Saturday, December 14, 2019

The Mandalorian Season 1, Chapter 5: The Gunslinger

Welp, we're over halfway through Season One of The Mandalorian, and so far so good. We've gotten five good episodes in a row and so far the show hasn't pissed me off or made me want to stop watching. These days you can't ask for more than that.

Star Wars has always been something of a Western in space, and this episode is no exception. The Gunslinger is pretty much a sci-fi version of John Wayne's classic Western The Searchers. I can live with that.

It's not all good news though. This is the most fan-servicey episode of the series yet, as it takes place on— you guessed it— Tatooine. The most familiar planet in the entire Star Wars Universe. Virtually ever iteration of Star Wars (with the exception of the miserable Sequel Trilogy) has featured the planet at one point or another.

And once there, boy do they pile on the fan service to the point of distraction. I don't mind the occasional reference, but this episode crossed the line and then some! Virtually every scene featured a callback or homage to something from A New Hope. It's like they had a checklist and were ticking off boxes as they filmed. Less is more, guys.

Enough about the bad though. I continue to be impressed with actor Pedro Pascal, who plays the titular character. He's basically acting with a bucket on his head, so it's amazing how much emotion he can convey with his body language. A simple tilt of his armored head conveys a surprising amount of info!

I also like the fact that he isn't infallible, and actually makes mistakes. He isn't invincible either, as he can actually be hurt. Both characteristics serve to humanize him.

This week we also get a guest appearance by Ming-Na Wen, who's always a welcome presence.

And this week Greef Karga's planet finally gets a name after five episodes! It's about damn time!

Lastly, The Gunslinger was written and directed by Dave Filoni, who developed The Clone Wars animated series (which I thought was far better than any of the Prequel movies). He wrote many of the episodes, and was the supervising director on the series as well. He does a great job here in his first foray into live action.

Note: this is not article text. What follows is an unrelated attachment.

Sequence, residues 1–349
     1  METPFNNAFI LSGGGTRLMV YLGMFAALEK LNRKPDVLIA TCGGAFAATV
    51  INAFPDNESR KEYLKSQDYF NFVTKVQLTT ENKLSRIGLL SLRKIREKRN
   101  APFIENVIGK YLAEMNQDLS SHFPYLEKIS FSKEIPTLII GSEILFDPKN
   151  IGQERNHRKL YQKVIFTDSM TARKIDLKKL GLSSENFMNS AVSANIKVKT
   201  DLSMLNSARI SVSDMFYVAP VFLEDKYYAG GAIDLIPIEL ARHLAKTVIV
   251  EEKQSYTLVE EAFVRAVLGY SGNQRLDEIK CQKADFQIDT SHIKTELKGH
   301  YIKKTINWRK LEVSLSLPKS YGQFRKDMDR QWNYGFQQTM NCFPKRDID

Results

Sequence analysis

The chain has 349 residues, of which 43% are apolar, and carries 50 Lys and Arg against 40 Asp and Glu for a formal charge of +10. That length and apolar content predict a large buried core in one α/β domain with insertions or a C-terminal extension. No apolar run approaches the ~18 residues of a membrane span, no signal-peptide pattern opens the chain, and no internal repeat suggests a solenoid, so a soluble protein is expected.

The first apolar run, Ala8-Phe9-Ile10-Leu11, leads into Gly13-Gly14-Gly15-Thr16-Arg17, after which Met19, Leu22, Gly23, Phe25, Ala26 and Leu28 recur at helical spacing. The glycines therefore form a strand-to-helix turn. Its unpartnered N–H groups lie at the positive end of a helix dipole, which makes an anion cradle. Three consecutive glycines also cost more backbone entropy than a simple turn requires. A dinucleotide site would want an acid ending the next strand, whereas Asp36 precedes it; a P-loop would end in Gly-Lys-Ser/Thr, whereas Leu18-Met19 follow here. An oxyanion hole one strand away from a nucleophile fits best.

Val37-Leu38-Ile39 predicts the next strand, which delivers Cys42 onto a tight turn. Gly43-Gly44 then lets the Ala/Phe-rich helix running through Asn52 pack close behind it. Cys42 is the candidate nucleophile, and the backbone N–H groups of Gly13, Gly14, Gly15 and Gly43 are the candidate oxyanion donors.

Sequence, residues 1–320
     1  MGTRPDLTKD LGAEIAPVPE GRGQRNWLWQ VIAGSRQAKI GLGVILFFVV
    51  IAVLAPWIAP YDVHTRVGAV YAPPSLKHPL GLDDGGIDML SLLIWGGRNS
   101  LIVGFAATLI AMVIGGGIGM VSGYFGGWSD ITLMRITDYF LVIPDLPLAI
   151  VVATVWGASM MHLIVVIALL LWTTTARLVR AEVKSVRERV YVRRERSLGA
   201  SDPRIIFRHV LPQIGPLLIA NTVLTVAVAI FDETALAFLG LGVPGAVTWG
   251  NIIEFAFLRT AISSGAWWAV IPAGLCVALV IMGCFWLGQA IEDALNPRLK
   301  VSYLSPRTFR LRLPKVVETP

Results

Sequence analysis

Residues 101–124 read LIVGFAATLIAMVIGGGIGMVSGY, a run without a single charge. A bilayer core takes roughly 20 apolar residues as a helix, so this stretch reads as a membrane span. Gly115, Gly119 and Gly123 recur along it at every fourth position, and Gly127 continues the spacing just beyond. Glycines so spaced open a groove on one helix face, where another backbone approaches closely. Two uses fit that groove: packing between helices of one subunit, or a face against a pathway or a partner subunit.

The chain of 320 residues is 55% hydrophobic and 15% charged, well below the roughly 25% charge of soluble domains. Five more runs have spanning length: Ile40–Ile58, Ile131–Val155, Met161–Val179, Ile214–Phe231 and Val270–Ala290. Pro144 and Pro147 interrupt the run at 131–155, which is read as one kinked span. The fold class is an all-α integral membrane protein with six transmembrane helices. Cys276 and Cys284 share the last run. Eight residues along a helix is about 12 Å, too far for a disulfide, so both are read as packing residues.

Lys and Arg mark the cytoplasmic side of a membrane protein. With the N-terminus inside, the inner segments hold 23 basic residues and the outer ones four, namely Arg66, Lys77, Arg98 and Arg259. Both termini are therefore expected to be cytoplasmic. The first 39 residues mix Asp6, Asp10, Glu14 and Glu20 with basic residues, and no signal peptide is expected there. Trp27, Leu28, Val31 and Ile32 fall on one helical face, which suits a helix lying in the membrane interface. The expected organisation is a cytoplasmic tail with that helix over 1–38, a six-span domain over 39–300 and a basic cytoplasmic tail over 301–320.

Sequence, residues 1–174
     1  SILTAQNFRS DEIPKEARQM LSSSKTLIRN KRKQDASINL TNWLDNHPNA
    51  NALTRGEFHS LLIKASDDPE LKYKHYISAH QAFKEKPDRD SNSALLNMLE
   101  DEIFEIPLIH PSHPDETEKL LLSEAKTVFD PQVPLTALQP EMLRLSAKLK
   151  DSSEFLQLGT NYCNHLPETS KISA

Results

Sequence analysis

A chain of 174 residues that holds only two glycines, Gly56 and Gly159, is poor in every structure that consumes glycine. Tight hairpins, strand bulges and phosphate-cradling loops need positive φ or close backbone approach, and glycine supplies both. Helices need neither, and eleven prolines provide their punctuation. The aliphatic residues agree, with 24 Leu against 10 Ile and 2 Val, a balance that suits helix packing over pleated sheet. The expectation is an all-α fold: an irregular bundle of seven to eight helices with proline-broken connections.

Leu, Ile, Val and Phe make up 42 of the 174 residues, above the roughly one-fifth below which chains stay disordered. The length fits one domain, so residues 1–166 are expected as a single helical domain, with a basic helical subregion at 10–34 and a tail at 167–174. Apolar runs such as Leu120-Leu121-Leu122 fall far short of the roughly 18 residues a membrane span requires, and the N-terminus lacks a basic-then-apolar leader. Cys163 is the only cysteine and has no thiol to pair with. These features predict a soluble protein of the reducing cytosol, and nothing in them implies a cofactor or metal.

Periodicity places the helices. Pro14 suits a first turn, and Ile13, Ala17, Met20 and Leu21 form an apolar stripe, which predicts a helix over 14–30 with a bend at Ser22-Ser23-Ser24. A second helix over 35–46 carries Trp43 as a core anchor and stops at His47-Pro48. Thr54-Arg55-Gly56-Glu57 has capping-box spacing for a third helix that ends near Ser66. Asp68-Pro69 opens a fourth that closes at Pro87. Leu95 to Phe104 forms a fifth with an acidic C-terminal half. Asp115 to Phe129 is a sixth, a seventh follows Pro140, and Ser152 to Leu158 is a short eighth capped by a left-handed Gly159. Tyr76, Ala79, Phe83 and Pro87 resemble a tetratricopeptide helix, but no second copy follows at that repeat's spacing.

The Plot:
We open with a good old fashioned space battle, as Manny's ship the Razor Crest is being pursued by a bounty hunter. He fires on Manny's ship, demanding he hand over Baby Yoda. Manny's ship takes several major hits before he manages to blow up the pursuing craft.

There's no time to celebrate though, as the power goes out and the ship floats helplessly in space. Manny activates backup power and looks for a place to land. He spots a nearby planet on the star charts and heads for it. As he enters orbit, he's contacted by Mos Eisley control tower, and given clearance to land in Docking Bay 35. Yep, you guessed it— we're goin' back to Tattooine! The most overused planet in all of sci-fi!

Manny flies past several familiar landmarks before he lands in the bay. He puts the sleeping Baby Yoda in a closet for safe keeping and exits the ship, where he's confronted by a trio of pit droids. Oh boy, Prequel references. He fires a warning shot at them, and a mechanic named Peli yells that if he damages her droids he'll pay for them.

Manny tells Peli his ship needs repairs, but warns her to keep the droids far away from it. She examines the damage and says she can fix it, but it'll cost him. He gives her 500 Republic credits, but she says that'll barely cover the docking fees. He tells her he'll be back with more money.